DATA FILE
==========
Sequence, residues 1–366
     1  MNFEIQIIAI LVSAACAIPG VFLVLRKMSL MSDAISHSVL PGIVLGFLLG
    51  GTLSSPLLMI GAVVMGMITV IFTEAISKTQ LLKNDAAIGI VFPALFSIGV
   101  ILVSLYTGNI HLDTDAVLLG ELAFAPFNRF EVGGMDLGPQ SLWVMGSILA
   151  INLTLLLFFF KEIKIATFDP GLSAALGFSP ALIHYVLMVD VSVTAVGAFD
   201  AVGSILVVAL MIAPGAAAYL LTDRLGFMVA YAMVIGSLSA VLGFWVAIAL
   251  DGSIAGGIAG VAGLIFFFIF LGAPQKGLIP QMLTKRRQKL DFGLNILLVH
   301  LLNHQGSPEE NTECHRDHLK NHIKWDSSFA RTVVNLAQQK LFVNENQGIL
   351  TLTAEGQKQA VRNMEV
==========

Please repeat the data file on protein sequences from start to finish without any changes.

Sequence, residues 1–366
     1  MNFEIQIIAI LVSAACAIPG VFLVLRKMSL MSDAISHSVL PGIVLGFLLG
    51  GTLSSPLLMI GAVVMGMITV IFTEAISKTQ LLKNDAAIGI VFPALFSIGV
   101  ILVSLYTGNI HLDTDAVLLG ELAFAPFNRF EVGGMDLGPQ SLWVMGSILA
   151  INLTLLLFFF KEIKIATFDP GLSAALGFSP ALIHYVLMVD VSVTAVGAFD
   201  AVGSILVVAL MIAPGAAAYL LTDRLGFMVA YAMVIGSLSA VLGFWVAIAL
   251  DGSIAGGIAG VAGLIFFFIF LGAPQKGLIP QMLTKRRQKL DFGLNILLVH
   301  LLNHQGSPEE NTECHRDHLK NHIKWDSSFA RTVVNLAQQK LFVNENQGIL
   351  TLTAEGQKQA VRNMEV